A mouse pad that's also a clock, calculator and fm radio
“Consider a coffeemaker that offers 12 drink options, a car with more than 700 features on the dashboard, and a mouse pad that’s also a clock, calculator and FM radio. All are examples of “feature bloat,” or “featuritis,” the result of an almost irresistible temptation to load products with lots of bells and whistles,” writes the Harvard Business Review.

“The problem is that the more features a product boasts, the harder it is to use. Manufacturers that increase a product’s capability–the number of useful functions it can perform–at the expense of its usability are exposing their customers to feature fatigue.”

The authors of the University of Maryland’s Robert H. Smith School of Business “have conducted three studies to gain a better understanding of how consumers weigh a product’s capability relative to its usability. They found that even though consumers know that products with more features are harder to use, they initially choose high-feature models. They also pile on more features when given the chance to customize a product for their needs. Once consumers have actually worked with a product, however, usability starts to matter more to them than capability.”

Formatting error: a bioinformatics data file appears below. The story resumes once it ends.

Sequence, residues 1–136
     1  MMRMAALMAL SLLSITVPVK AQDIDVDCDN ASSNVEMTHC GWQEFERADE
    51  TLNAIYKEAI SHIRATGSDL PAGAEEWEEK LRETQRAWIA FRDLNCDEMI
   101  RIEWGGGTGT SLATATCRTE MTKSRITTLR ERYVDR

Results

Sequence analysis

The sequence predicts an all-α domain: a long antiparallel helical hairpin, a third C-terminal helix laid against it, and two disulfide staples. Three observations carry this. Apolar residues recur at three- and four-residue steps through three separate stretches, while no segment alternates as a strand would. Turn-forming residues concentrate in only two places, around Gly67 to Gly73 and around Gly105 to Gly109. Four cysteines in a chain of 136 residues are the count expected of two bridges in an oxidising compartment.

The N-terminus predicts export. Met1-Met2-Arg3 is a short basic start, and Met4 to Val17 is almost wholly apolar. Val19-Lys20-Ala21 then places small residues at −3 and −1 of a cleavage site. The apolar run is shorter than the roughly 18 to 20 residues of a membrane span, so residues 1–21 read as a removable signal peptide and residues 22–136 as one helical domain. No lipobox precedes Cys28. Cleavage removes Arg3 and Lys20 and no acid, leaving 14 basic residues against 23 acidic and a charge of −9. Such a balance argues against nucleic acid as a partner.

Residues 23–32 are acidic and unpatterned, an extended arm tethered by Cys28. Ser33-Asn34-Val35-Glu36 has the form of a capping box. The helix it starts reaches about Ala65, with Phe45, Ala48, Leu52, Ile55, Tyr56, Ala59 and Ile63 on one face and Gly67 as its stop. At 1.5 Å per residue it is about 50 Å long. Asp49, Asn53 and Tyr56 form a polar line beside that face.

“For managers in consumer products companies, these findings present a dilemma: Should they maximize initial sales by designing high-feature models, which consumers consistently choose, or should they limit the number of features to enhance the lifetime value of their customers?”

“The authors’ analytical model guides companies toward a happy middle ground: maximizing the net present value of the typical customer’s profit stream. The authors also advise companies to build simpler products, help consumers learn which products suit their needs, develop products that do one thing very well, and design market research in which consumers use actual products or prototypes.”

Go to abstract page (where you can purchase a pdf of the 11 page study)